“I worry greatly that the rhetoric coming from the Republicans, particularly Donald Trump, is sending a message to Muslims here ... and ... around the world, that there is a ‘clash of civilizations.'” So said Hillary Clinton in Saturday night’s New Hampshire debate. Yet, that phrase was not popularized by Donald Trump, but by Harvard’s famed Samuel Huntington. That Clinton is unaware of the thesis, or dismisses it, does not speak well of the depth of her understanding of our world.
People are waking up to the darkness in American policing, and the cops don't like it one bit...
The Fed seems to have been operating on the theory that their own views on the economy determine its path. But recently the Fed has taken the principle to an extreme never seen. Yellen may well have just hiked rates expecting, hoping, that the mere act of showing confidence in the economy would produce an economy worthy of confidence. The Fed has dominated the narrative for years now, investors and traders hanging on every word. Last week that started to change, the market repudiating the Fed’s outlook over a 48 hour period that must have produced some second guessing at the Fed.
While many still cling to the belief that U.S. shale and tight oil plays are commercial even at current low oil prices but data on the Permian basin and Bakken plays simply does not support this hope. In fact, less than 2 percent of Permian basin tight oil wells are commercial at $30 per barrel oil prices.
And so Wall Street has set its sights on the next junk bond fund casualty, a name which is well-known to most equity market participants: none other than Waddell and Reed (WDR), the fund which rose to infamy in the aftermath of the May 2010 Flash Crash, after it was initially blamed by the SEC as the culprit behind the Dow's 1000 point crash...
“To the intelligent man or woman, life appears infinitely mysterious, but the stupid have an answer for everything.” ~Edward Abbey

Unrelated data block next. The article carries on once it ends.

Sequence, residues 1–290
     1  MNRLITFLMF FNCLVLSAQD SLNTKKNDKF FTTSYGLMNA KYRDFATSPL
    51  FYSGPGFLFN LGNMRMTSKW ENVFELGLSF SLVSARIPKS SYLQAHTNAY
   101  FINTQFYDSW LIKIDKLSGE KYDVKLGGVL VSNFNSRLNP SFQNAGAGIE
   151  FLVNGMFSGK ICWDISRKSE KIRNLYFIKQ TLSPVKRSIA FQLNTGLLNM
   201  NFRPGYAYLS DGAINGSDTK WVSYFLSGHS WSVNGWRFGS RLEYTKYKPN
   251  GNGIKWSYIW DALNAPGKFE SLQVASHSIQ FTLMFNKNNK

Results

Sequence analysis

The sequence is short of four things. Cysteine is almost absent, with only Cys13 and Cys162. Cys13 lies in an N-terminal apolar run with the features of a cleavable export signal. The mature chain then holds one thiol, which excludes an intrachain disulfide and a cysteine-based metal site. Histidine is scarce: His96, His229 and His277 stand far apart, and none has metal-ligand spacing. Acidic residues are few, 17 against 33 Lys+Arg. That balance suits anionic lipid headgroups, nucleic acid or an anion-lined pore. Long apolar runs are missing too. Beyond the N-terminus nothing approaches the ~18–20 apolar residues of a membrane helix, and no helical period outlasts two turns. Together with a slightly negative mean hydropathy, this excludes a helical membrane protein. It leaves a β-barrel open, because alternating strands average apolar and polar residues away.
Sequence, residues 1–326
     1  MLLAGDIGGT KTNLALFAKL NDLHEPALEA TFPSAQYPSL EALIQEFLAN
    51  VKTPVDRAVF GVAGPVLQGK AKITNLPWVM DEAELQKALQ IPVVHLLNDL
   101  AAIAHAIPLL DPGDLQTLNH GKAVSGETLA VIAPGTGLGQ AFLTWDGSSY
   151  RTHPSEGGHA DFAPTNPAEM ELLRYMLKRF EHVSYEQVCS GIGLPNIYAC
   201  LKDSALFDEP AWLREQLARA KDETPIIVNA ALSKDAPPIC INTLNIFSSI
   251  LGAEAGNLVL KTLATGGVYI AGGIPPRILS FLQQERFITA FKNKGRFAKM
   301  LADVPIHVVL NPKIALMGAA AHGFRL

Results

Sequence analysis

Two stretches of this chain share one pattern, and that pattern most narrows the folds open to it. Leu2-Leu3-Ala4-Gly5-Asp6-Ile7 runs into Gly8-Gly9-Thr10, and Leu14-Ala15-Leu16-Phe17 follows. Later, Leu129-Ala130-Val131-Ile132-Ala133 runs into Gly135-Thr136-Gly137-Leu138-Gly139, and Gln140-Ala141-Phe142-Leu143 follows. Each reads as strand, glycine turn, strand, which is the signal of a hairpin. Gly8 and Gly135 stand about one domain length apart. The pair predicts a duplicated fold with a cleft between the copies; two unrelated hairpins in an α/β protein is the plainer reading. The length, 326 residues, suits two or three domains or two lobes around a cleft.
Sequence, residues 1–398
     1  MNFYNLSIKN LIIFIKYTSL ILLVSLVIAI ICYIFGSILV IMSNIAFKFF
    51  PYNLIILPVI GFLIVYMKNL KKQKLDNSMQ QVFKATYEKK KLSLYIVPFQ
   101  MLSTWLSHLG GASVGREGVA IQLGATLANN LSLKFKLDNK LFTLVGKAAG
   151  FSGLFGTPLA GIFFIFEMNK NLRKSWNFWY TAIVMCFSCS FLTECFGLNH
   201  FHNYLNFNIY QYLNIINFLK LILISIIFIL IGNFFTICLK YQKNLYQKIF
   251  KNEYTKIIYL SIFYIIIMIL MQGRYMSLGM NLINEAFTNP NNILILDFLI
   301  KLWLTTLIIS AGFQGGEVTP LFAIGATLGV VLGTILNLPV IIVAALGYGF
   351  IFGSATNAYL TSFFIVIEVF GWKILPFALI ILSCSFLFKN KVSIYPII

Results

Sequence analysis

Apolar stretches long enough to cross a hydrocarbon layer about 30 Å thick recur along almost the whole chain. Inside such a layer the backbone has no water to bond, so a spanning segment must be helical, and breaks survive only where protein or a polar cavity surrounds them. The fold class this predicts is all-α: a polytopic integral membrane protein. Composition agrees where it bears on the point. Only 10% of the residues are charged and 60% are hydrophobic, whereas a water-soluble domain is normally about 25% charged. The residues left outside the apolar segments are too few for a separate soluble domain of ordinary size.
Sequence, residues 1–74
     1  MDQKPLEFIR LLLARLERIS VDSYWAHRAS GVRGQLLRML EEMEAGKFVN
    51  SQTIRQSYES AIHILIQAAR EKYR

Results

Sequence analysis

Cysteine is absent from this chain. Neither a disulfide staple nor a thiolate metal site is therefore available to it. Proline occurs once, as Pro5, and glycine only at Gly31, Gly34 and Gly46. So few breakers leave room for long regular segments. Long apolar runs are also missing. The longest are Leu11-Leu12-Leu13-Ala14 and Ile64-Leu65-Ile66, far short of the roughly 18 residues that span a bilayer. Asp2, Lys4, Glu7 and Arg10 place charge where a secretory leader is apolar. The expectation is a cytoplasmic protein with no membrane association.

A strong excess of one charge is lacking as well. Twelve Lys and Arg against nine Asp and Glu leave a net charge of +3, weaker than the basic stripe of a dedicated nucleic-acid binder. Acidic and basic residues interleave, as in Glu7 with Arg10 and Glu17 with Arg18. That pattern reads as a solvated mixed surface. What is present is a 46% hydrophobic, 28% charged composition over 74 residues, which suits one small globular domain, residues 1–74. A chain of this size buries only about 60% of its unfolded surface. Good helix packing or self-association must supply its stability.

A world where money is decentralized means a world where nothing you’ve ever seen before will become the new norm and the new norm is unlikely to include a scrap of paper issued by a bankrupt government.
Perhaps the first step in rectifying our situation is to begin to look at the world not as it could be, but how it is. To see things for what they are, to discard the falsehoods, no matter how pleasant they may seem in order to embrace the truth regardless of how painful it may be. And that’s not a theory, that’s a reality.
A libertarian mindset looks at the same results and concludes that if people are fallible, then the absolutely last thing in the world we should do is to give them sovereignty not only over themselves but over other people as well.
Yellen and her cohort have no clue, however, that all of their massive money printing never really left the canyons of Wall Street, but instead inflated the mother of all financial bubbles. So they are fixing to blow-up the joint for the third time this century. That was plain as day when our Keynesian school marm insisted that the Third Avenue credit fund failure this past week was a one-off event - a lone rotten apple in the barrel. Now that is the ultimate in cluelessness.
Grant Williams is very skeptical of the Fed’s ability to continue to control markets much longer.
The "long dollar" trade may be the most crowded ever but that doesn't mean there aren't disagreements where the greenback goes from here, especially after the Fed's historic first rate hike.
At 2 p.m. EST, the only thing the financial world will care about and discuss will be the Fed's [first rate hike in 9 years|epic disappointment]. So for those who still haven't made up their mind about what the Fed's [dovish|non-dovish] rate hike means, here is all you need to know.
... I found myself seeking refuge in the tiramisu staring back at me, a bit uncomfortable that I was only hearing the wah wahs of Charlie Brown’s adult voices. Until this, during the back and forth of Q&A: (Laughter around the room…) “We don’t remember how to raise interest rates. None of us worked here the last time we did it.”
"we moved to generally “neutralize” our positions by taking on derivative positions to hedge ourselves. We did so mid-morning yesterday and now are comfortable sitting through the Fed’s decision… or “non”-decision as the case may be… later this afternoon."